However, when it came to this race storyline, and the ways the show interacted with race in the first season, it felt off to me. I am not black, or biracial, or American, so I can’t comment with the depth of understanding that experince. But I agree that Kat seemed uncharacteristically naive on the subject of race in terms of her complete blind spot to Adena’s fear of interacting with the police, given that we are in an era of Black Lives Matter, especially being present on social media which is Kat’s job. And similarly, the fact that the show decided to explain that away by giving more context on her family and showing that they just sort of said “race isn’t an issue worth discussing” even though BOTH her parents are psychaitrists who seem to discuss everything, just felt like a way to explain away something that was really just bad writing the first time around.
    As much as you can say “it’s what’s inside that counts”, as far as I understand it, when the world reads you as black, you live life as black, and are treated as such. I can’t really see how Kat could make it through this much of her life and have this be the first moment she’s really questioning this, and perhaps they were leaning into the idea that writing is strengthened by leaning in to specificity, but a black person who is in denial about her own blackness seems like a very particular specificity to choose. If the writers room included a range of biracial women, I’d give the benefit of the doubt and say perhaps this is an amalgam of their experiences which they felt were important to share in their specificity. But to me it felt like predominantly white people trying to write about race, and that even if it were possible for someone into their 20s to have this barrier toward self-reflexivity about their race, having experienced #blacklivesmatter on twitter (her job!) would have caused her to interrogate this sooner. That said, I was closeted well into my 20s while living in a very progressive environment, so I recognize it takes all kinds, but this felt like a story about race written by/for white people, and I felt uncomfortable and disappointed with it throughout and hope the bold type can figure out how to truly tackle these topics going forward. And ditto that it felt inauthentic for her not to pull questioning her sexual orientation in as well, given its so in flux at the moment. I get that the show was trying to tackle something specific with this race plotline, but I think it does best when it really tackles the true messiness of life, and didn’t even do what it chose to do that well, so….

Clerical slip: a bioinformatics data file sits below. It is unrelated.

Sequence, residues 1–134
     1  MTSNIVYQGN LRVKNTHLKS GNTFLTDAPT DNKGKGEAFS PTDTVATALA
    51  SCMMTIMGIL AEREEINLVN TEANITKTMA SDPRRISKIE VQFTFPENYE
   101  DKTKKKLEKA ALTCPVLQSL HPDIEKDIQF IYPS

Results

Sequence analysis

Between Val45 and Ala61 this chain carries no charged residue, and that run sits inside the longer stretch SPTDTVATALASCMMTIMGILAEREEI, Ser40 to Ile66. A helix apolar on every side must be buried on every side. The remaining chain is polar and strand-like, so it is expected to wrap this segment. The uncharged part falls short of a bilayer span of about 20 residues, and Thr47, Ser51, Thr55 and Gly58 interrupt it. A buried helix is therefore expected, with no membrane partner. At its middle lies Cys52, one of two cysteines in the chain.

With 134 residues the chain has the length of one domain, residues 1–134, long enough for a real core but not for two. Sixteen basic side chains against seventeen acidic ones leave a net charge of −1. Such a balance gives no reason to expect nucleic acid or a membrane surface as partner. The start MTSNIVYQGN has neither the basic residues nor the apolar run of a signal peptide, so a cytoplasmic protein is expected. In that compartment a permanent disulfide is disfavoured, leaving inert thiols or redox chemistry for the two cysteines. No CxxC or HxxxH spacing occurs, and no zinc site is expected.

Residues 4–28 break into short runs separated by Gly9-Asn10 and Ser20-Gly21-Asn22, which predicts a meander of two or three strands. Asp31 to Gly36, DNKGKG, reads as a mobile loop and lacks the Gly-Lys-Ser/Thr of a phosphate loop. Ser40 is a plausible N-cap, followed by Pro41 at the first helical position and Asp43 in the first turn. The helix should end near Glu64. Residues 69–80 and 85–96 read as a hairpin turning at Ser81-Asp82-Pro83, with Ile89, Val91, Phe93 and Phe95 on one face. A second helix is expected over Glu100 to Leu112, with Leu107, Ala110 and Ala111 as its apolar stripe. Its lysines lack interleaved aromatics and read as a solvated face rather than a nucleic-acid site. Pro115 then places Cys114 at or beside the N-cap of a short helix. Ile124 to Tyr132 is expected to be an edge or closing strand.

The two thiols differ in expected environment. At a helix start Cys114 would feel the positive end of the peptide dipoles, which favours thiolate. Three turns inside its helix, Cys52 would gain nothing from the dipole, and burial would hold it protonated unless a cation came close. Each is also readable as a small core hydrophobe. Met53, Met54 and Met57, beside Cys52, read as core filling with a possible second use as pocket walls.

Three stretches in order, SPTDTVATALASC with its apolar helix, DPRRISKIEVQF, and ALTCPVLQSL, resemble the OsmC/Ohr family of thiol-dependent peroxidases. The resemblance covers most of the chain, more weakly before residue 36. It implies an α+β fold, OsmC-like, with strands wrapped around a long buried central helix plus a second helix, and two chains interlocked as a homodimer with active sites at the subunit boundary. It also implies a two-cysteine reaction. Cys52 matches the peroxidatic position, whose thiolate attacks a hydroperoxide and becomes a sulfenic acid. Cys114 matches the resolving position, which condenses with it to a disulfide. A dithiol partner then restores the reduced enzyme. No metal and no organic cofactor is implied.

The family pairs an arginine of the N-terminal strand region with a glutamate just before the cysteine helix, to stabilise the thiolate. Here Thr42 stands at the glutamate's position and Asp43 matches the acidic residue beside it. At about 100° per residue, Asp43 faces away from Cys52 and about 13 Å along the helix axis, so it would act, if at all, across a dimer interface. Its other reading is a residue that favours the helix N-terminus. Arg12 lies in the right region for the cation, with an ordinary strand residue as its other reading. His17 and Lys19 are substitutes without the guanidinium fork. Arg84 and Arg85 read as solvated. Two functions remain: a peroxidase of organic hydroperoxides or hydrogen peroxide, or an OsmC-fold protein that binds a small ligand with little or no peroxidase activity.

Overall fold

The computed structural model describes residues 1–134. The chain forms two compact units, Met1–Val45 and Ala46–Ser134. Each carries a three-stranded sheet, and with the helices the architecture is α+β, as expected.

11. I liked the broad strokes of this episode, though some details didn’t work. These recaps need more positives.

    The men’s photo shoot was obviously not a plausible article for the magazine to be doing, but it was shoehorned in to give Sutton the chance to address her insecurities.

    Any ‘storyline’ about a character’s race is no good, but it sounds like they’re going to try to bring race into her character a bit more in the future, so there’s not much to go on yet.

    As for Jane’s storyline, the way I remember it she left Scarlet because she was promised the freedom to write what she wanted. Toeing the party line and pandering to the masses is definitely not what she signed up for, it’s specifically what she signed up to not do. I think her approach was naive, but none of what she has done has been wrong.